We traveled to within a few kilometres of the 60th Parallel North, daylight starting around 4:30am and ending around 10:30pm. The nights extremely short, so not ideal for seeing the Northern lights, but this did not deter us from trying. Despite the icy cold, we had spectacularly sunny days all week. Experiencing the wilderness of Juneau, Skagway and Glacier Bay left me craving more, longing to venture further north and staying longer. We watched a documentary on the Alaskan interior and eskimo history and I was overwhelmed with emotion…the beauty, harsh wilderness, human tenacity and the realisation that this is where the world still is largely as God originally made it, untouched by man’s greed.

There are 100,000 glaciers in Alaska and we experienced a few. In Juneau we hiked to Mendenhall Glacier and in Skagway we took a boat across Chilkoot Inlet, then a bus to a camp in the spruce forest, hiked to a river, canoed to a lake in the Tongas National Park, then hiked some more across silt left by the retreating glacier, to eventually stand on Davidson Glacier. We revelled in Alaskan experiences: sang with a cowboy in the Red Dog saloon in Juneau, sampled spruce tip beer in Skagway and marvelled at the tidal glaciers of Glacier Bay, where huge chunks of ice break off into the ocean. We noticed ice flows drifting past when we woke in the morning and a few hours later stood watching in awe as pieces of the Grand Pacific Glacier smashed into the ocean with a roar. The John Hopkins and Reid Glaciers were just as spectacular.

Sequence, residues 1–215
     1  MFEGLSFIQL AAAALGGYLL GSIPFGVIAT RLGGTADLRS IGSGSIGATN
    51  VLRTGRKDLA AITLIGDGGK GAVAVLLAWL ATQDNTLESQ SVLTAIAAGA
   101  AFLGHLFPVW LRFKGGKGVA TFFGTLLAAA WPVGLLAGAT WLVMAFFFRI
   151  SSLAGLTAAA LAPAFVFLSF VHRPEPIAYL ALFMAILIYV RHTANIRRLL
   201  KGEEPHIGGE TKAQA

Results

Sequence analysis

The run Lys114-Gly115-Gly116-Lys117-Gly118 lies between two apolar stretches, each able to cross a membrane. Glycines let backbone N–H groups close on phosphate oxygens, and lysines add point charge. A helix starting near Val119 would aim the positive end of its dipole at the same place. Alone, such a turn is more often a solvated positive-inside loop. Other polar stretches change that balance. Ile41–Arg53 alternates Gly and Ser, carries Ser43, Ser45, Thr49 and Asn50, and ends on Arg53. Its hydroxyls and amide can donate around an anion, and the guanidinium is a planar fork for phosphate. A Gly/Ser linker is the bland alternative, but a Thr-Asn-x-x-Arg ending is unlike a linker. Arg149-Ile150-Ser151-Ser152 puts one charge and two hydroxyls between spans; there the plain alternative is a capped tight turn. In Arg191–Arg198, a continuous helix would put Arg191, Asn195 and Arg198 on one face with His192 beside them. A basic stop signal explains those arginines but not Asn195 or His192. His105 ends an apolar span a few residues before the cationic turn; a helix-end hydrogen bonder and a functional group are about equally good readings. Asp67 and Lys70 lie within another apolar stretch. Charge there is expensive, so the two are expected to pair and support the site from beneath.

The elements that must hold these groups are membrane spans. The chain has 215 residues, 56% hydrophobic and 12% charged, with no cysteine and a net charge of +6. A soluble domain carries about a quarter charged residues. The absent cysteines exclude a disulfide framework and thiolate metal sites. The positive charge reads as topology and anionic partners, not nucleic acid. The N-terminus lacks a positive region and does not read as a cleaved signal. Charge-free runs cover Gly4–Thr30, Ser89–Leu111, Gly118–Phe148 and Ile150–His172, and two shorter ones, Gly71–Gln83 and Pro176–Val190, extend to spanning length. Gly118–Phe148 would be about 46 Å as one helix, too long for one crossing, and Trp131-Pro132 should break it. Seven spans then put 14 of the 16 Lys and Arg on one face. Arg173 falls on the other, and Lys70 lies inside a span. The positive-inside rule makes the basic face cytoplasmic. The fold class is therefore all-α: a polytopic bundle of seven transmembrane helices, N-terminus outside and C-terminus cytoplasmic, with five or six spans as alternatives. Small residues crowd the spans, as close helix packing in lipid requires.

I asked Paul what he was thinking, as we sat on the balcony watching the magnificent wilderness pass by. He was thinking about the irony of all the fuel the ship had burnt, the plastic cups consumed and the waste created… by us coming on this journey…

I shouted: “Whales!” and we all stood up and gathered at the window to see a pod of Orca, blowing and showing off their white bellies as they surfaced, then dived. This is how the conversation with Lisa started, this shared experience and excitement created a type of intimacy that got us really talking. We had been lying on loungers in the Spa, which has a 180 degree view of the ocean and we had been discussing the wildlife we’d seen: sea otter, sea lion, whales, a pod of dall porpoises (which look like mini Orcas!), bald eagles, wild mountain goat, porcupine and a myriad of bird life on the ocean… but as yet no Orcas. It was not very long after saying how much we would really love to see Orcas, that we actually got to see them!

Lisa was very excited to hear about our journey on the bikes, our focus to “just say yes” and shared that she felt destined to meeting Paul and I. She went on to explain: She had been a doctor in Russia but when she arrived in the US with a paltry $500, she needed to find another way to make a living. She had built a new life and had not stopped working, until this trip which was to eventually rest after a life threatening illness. Her husband has been asking her to stop working, but she has felt unable to do that, because of fear that she may never be able to work again. She acknowledged how irrational her fear is, in light of their financial security and that she had been meditating on that reality during this journey. We spoke at length about fear, about our health …about love, time and opportunity. Lisa shared that meeting Paul and I had encouraged her about exploring new possibilities.

It feels wonderful knowing we may have inspired another life but what I’m most mindful of is being reminded of ‘the power of the spoken word.’ I’ve always believed that what I say in my life is what I create in my life. Not long after Lisa and I had voiced our dream of seeing Orca, was when we actually did…